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SEC’s Strategic Plan Includes Reliance On Whistleblower Tips




by:
Allison L. Martin
Proskauer Rose LLP - Newark Office

Harris Michael Mufson
Steven J. Pearlman
Proskauer Rose LLP - New York Office

 
February 14, 2014

Previously published on February 11, 2014

The U.S. Securities and Exchange Commission (SEC) published (for public comment) a draft strategic plan, which sets forth its goals and objectives for fiscal years 2014 through 2018.  The SEC’s “strategic objectives” include: fostering compliance with federal securities laws; ramping-up efforts to “promptly detect and deter violations of federal securities laws”; and prosecuting violations of federal securities laws and holding violators accountable through “appropriate sanctions and remedies.”  Embracing the success its Office of the Whistleblower has achieved thus far, the draft plan capitalizes on the use of tips from whistleblowers.

To foster compliance with securities laws, the SEC plans to take a more proactive approach in communicating with chief compliance officers, senior executives and board members about compliance efforts.  To deter and detect securities violations, the SEC intends to:

  • enhance surveillance and risk assessment capabilities by gaining access to additional data;
  • improve the management of tips, complaints and referrals from whistleblowers;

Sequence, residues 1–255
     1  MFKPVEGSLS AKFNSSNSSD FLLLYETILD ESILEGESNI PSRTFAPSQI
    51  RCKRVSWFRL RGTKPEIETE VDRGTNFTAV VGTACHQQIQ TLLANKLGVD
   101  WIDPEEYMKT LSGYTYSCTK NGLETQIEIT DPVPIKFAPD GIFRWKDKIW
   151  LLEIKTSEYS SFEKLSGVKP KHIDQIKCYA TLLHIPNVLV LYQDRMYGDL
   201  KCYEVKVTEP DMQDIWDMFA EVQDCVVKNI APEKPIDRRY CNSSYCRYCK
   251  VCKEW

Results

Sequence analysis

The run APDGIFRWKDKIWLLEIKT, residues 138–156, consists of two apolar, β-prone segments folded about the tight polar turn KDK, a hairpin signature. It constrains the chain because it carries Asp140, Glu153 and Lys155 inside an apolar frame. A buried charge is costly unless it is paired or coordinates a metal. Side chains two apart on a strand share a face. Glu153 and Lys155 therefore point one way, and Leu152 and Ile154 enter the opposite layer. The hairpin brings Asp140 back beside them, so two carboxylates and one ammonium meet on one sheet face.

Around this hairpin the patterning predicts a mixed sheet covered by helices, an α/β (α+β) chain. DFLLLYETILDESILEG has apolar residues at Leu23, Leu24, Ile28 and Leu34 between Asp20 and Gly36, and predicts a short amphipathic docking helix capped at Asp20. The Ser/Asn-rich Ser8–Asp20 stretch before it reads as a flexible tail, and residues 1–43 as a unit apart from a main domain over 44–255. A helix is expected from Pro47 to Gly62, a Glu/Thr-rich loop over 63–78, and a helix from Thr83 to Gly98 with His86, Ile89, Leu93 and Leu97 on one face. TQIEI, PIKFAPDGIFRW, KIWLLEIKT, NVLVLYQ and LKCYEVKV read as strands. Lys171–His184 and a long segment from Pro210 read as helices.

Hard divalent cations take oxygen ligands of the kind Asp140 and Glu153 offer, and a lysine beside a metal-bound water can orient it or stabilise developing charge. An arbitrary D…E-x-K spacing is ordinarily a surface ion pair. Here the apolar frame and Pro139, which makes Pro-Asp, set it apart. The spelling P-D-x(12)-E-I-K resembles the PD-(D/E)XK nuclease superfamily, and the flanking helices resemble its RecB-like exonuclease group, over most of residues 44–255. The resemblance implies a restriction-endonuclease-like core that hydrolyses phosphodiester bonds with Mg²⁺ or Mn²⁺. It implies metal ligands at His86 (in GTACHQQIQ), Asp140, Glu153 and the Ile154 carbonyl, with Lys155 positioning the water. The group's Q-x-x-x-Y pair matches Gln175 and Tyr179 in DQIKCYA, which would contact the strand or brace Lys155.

• encourage whistleblower complaints;
  • bolster the expertise of the SEC staff;
  • use a variety of tools— including cooperation agreements, deferred prosecution agreements and non-prosecution agreements—to encourage individuals and companies to promptly report violations and provide assistance to the agency; and
  • improve the sharing of information between divisions and offices of the Commission and with other regulators.

In addition, to meet its goal of holding violators of securities laws accountable, the SEC plans to:

  • utilize specialty groups within the enforcement program;
  • enhance timeliness of distributions to wronged investors;
  • enhance communications among SEC divisions and offices;
  • re-assess its approach to the use of penalties in connection with enforcement recommendations/actions so that penalties have the appropriate punitive and deterrent effect, having in mind avoiding unnecessary harm to shareholders; and
  • broaden the range of enforcement sanctions.

Employers should take heed by continuing to modernize and strengthen compliance programs and encouraging whistleblowers to lodge reports through designated channels so that investigations can be promptly and thoroughly conducted.



 

The views expressed in this document are solely the views of the author and not Martindale-Hubbell. This document is intended for informational purposes only and is not legal advice or a substitute for consultation with a licensed legal professional in a particular case or circumstance.
 

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